Saturday, February 13, 2010

Cloth Diapers Shouldn't Leak!

Many people claim that they don't want to try cloth diapers because they are worried about leaks. The truth is, cloth diapers shouldn't leak at all. So if you have leaky diapers, there is a problem.

Used Diapers? First thing, did you buy your diapers used? If so, the downside is that you do not know what the previous owner washed them in. If they are leaking, my first recommendation would be to strip them immediately in hopes that the problem is detergent residue. If you are using a free and clear detergent, or just a really mild one like Seventh Generation or Ecos and having leaks, strip them and change detergents. Detergents I like are: Tiny Bubbles, Bumgenius, & Thirsties Superwash--all found at Cutie Tooties; Tide (Original) & Arm & Hammer Essentials.

Another possibility is that the previous owner (or you) used chlorine bleach or oxygen bleach on the diapers. This is a BIG NO-NO! Bleach of any kind will break down the fabric quickly and compromise the absorbency. It will also eat the laminate (waterproofing) off covers and the outters of AIO's & Pocket diapers. If you or someone else used bleach on your diapers, there really isn't much you can do to repair them. Some people recommend using a waterproofing spray that is usually silicone based. You can find this spray in the camping section of most department stores. Please note that inhalation of this Teflon-like spray has been linked with lung damage, so I am NOT recommending it. Simply stating that some people report that it works on destroyed covers. I have never personally used it myself.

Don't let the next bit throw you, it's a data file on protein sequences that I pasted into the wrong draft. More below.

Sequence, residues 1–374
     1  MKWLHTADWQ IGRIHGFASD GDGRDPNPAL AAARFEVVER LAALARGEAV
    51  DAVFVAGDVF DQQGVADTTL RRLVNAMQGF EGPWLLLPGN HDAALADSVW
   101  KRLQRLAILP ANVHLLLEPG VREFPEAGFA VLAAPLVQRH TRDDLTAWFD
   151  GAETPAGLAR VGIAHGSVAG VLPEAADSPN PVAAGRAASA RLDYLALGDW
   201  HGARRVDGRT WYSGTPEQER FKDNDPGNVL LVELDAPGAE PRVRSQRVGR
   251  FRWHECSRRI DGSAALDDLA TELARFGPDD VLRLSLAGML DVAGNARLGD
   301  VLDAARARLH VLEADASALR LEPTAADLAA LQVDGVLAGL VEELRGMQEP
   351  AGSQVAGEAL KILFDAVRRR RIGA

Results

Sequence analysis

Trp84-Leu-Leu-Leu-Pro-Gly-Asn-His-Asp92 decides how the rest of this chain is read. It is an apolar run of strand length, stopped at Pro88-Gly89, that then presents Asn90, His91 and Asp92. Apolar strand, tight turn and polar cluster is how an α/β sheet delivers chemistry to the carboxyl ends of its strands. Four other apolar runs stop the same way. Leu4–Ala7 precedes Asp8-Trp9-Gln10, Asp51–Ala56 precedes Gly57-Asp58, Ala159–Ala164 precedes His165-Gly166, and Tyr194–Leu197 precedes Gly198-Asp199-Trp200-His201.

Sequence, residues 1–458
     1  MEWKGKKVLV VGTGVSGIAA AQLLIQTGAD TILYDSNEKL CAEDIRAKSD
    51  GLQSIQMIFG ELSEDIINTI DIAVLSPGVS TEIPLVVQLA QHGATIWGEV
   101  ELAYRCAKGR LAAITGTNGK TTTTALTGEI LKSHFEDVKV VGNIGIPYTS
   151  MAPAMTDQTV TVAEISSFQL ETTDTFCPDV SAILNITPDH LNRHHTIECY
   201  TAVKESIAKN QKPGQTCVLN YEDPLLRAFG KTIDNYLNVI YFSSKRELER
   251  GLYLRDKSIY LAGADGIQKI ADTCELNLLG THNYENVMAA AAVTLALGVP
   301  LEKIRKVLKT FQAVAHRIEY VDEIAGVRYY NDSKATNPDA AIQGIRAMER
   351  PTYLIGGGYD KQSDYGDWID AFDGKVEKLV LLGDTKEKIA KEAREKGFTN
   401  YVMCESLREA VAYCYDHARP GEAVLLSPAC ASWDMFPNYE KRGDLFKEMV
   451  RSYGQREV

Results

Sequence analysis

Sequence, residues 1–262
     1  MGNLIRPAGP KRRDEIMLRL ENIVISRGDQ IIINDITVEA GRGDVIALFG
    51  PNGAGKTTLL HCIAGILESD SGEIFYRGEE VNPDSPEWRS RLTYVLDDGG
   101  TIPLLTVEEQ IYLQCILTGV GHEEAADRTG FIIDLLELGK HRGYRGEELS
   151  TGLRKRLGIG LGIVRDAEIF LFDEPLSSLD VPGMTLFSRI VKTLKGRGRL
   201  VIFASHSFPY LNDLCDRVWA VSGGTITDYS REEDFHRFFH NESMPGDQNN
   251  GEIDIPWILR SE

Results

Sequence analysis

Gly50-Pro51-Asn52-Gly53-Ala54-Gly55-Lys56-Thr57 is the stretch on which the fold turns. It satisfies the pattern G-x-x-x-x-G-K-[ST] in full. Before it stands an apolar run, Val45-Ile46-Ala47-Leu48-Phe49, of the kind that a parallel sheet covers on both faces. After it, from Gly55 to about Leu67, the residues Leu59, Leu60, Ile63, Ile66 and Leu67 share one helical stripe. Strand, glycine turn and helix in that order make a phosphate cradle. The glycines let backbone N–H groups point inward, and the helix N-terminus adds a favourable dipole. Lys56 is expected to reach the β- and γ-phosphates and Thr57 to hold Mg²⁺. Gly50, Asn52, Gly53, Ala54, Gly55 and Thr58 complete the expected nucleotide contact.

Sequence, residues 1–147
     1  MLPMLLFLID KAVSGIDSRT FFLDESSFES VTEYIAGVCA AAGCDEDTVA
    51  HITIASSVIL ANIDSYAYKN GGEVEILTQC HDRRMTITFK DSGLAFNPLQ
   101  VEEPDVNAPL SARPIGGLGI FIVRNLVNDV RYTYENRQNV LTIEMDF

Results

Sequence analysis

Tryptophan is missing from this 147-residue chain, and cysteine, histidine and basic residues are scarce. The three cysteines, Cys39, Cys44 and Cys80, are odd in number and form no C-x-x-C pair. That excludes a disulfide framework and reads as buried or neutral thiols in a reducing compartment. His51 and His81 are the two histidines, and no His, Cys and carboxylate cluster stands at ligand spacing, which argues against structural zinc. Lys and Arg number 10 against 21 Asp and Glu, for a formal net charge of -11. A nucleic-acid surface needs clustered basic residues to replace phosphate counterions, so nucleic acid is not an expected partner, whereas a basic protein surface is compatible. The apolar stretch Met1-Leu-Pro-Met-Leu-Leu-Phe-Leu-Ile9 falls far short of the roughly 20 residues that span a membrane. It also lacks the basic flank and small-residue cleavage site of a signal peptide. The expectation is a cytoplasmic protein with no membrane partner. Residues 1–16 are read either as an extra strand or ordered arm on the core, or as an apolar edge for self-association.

Fabric Softener?
Fabric softener, liquid or dryer sheets is a definite NO-NO for cloth diapers. Fabric softener might make your diapers smell good, but it will also make them leak. Using fabric softener on towels makes them less absorbent. It does the same thing with diapers. If you want something to make them softer, add 1/2 cup of vinegar to the rinse cycle. It will soften your diapers, help with odor, offer anti-fungal properties and cost a lot less. Oh yeah, and it won't ruin your diapers. If you have used fabric softener on your diapers, strip them and start over. You might also need to consider cleaning your washer if you or someone you love is a fabric softener addict. Sometimes the residue from the washer can deposit on diapers and cause a leaking problem. For top-loaders (old style) Use baking soda and vinegar until you get a fizzy effect in a large hot wash. Let it sit for 20 minutes and then close the lid. For HE washers, go to Home Depot or Lowe's and get the cleaning tablets that are made to remove gunk from HE washers.